In mathematics, and particularly topology, a fiber bundle (or, in Commonwealth English: fibre bundle) is a space that is a product space, but may have a different topological structure. Specifically, the similarity between a space E and a product space B \times F is defined using a continuous surjective map, \pi : E \to B, that in small regions of E behaves just like a projection from corresponding regions of B \times F to B. The map \pi, called the projection or submersion of the bundle, is regarded as part of the structure of the bundle. The space E is known as the total space of the fiber bundle, B as the base space, and F the fiber. In the ''trivial'' case, E is just B \times F, and the map \pi is just the projection from the product space to the first factor. This is called a trivial bundle. Examples of nontrivial fiber bundles include the MÃ¶bius strip and Klein bottle, as well as nontrivial covering spaces. Fiber bundles, such as the tangent bundle of a mani ... [...More Info...] [...Related Items...] OR: [Wikipedia] [Google] [Baidu] 

Compact Support
In mathematics, the support of a realvalued function f is the subset of the function domain containing the elements which are not mapped to zero. If the domain of f is a topological space, then the support of f is instead defined as the smallest closed set containing all points not mapped to zero. This concept is used very widely in mathematical analysis. Formulation Suppose that f : X \to \R is a realvalued function whose domain is an arbitrary set X. The of f, written \operatorname(f), is the set of points in X where f is nonzero: \operatorname(f) = \. The support of f is the smallest subset of X with the property that f is zero on the subset's complement. If f(x) = 0 for all but a finite number of points x \in X, then f is said to have . If the set X has an additional structure (for example, a topology), then the support of f is defined in an analogous way as the smallest subset of X of an appropriate type such that f vanishes in an appropriate sense on its complement. T ... [...More Info...] [...Related Items...] OR: [Wikipedia] [Google] [Baidu]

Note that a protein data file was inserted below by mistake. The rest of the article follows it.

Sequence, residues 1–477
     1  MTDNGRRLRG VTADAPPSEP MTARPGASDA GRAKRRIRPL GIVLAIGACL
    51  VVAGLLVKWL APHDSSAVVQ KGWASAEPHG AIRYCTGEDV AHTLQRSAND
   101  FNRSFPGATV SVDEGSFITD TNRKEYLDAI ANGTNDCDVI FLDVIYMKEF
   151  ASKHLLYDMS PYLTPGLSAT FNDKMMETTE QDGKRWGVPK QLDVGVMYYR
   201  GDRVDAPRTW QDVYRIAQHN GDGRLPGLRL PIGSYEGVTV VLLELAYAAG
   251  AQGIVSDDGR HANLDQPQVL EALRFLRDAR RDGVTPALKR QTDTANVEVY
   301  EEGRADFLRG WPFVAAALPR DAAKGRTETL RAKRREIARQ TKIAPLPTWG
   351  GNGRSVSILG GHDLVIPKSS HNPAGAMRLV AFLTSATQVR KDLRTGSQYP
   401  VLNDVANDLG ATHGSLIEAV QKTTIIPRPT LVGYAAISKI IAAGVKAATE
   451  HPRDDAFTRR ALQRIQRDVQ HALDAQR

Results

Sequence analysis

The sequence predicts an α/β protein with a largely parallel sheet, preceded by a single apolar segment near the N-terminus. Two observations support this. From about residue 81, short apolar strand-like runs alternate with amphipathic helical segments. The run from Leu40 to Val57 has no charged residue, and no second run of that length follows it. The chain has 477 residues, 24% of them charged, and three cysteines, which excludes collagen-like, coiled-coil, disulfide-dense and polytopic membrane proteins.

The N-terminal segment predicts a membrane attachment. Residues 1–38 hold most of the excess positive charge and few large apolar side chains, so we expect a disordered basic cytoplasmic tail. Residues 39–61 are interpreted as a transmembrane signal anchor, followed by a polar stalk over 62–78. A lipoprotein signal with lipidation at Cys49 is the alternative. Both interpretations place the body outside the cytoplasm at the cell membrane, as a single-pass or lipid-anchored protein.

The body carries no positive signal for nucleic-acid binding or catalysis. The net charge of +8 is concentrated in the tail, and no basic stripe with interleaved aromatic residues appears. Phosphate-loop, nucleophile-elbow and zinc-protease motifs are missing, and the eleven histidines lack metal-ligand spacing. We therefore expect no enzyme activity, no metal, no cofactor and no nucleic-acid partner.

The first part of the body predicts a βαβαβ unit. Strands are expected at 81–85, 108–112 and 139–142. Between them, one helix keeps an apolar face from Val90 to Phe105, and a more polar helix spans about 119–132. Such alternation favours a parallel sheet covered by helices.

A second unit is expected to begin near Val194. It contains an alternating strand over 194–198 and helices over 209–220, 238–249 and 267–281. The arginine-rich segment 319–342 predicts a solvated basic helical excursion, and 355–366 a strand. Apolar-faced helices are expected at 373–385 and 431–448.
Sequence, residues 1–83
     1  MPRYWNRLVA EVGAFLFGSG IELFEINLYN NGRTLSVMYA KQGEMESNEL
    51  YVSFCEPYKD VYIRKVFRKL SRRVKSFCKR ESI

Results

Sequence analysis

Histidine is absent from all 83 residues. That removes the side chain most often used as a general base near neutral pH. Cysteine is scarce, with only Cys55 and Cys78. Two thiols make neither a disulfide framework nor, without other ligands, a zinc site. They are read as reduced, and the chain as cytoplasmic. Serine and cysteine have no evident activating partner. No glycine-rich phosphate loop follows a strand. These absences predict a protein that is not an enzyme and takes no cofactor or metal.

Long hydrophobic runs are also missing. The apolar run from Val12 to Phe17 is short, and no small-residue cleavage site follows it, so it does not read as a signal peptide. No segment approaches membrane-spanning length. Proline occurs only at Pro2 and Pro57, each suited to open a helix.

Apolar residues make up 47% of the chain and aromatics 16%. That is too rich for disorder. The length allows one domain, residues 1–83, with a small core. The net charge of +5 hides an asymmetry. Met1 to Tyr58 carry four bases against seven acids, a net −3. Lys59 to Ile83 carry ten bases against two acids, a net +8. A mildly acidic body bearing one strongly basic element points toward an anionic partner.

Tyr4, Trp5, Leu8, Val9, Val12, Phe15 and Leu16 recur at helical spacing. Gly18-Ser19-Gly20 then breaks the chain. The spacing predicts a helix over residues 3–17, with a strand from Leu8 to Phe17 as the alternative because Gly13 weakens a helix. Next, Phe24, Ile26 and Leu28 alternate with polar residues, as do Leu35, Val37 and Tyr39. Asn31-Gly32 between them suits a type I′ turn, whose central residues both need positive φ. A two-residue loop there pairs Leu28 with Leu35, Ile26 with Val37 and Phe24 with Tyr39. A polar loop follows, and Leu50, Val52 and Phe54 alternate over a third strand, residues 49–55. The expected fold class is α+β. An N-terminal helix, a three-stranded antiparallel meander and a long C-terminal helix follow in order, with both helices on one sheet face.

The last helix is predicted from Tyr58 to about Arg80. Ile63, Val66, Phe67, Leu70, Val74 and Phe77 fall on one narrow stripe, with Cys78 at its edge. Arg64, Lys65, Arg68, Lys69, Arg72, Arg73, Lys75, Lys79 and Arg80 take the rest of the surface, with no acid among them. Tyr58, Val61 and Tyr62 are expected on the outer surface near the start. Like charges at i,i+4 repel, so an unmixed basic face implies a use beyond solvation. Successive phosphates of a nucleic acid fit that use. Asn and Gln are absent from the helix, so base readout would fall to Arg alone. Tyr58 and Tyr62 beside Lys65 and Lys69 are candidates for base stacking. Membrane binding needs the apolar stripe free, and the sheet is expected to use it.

Disjoint Union
In mathematics, a disjoint union (or discriminated union) of a family of sets (A_i : i\in I) is a set A, often denoted by \bigsqcup_ A_i, with an injection of each A_i into A, such that the images of these injections form a partition of A (that is, each element of A belongs to exactly one of these images). A disjoint union of a family of pairwise disjoint sets is their union. In category theory, the disjoint union is the coproduct of the category of sets, and thus defined up to a bijection. In this context, the notation \coprod_ A_i is often used. The disjoint union of two sets A and B is written with infix notation as A \sqcup B. Some authors use the alternative notation A \uplus B or A \operatorname B (along with the corresponding \biguplus_ A_i or \operatorname_ A_i). A standard way for building the disjoint union is to define A as the set of ordered pairs (x, i) such that x \in A_i, and the injection A_i \to A as x \mapsto (x, i). Example Consider the sets A_0 ... [...More Info...] [...Related Items...] OR: [Wikipedia] [Google] [Baidu] 

Function (mathematics)
In mathematics, a function from a set to a set assigns to each element of exactly one element of .; the words map, mapping, transformation, correspondence, and operator are often used synonymously. The set is called the domain of the function and the set is called the codomain of the function.Codomain ''Encyclopedia of Mathematics'Codomain. ''Encyclopedia of Mathematics''/ref> The earliest known approach to the notion of function can be traced back to works of Persian mathematicians AlBiruni and Sharaf alDin alTusi. Functions were originally the idealization of how a varying quantity depends on another quantity. For example, the position of a planet is a ''function'' of time. Historically, the concept was elaborated with the infinitesimal calculus at the end of the 17th century, and, until the 19th century, the functions that were considered were differentiable (that is, they had a high degree of regularity). The concept of a function was formalized at the end of the ... [...More Info...] [...Related Items...] OR: [Wikipedia] [Google] [Baidu] 

Cofinitely Many
In mathematics, a cofinite subset of a set X is a subset A whose complement in X is a finite set. In other words, A contains all but finitely many elements of X. If the complement is not finite, but it is countable, then one says the set is cocountable. These arise naturally when generalizing structures on finite sets to infinite sets, particularly on infinite products, as in the product topology or direct sum. This use of the prefix "" to describe a property possessed by a set's mplement is consistent with its use in other terms such as " meagre set". Boolean algebras The set of all subsets of X that are either finite or cofinite forms a Boolean algebra, which means that it is closed under the operations of union, intersection, and complementation. This Boolean algebra is the on X. A Boolean algebra A has a unique nonprincipal ultrafilter (that is, a maximal filter not generated by a single element of the algebra) if and only if there exists an infinite set X such that A i ... [...More Info...] [...Related Items...] OR: [Wikipedia] [Google] [Baidu]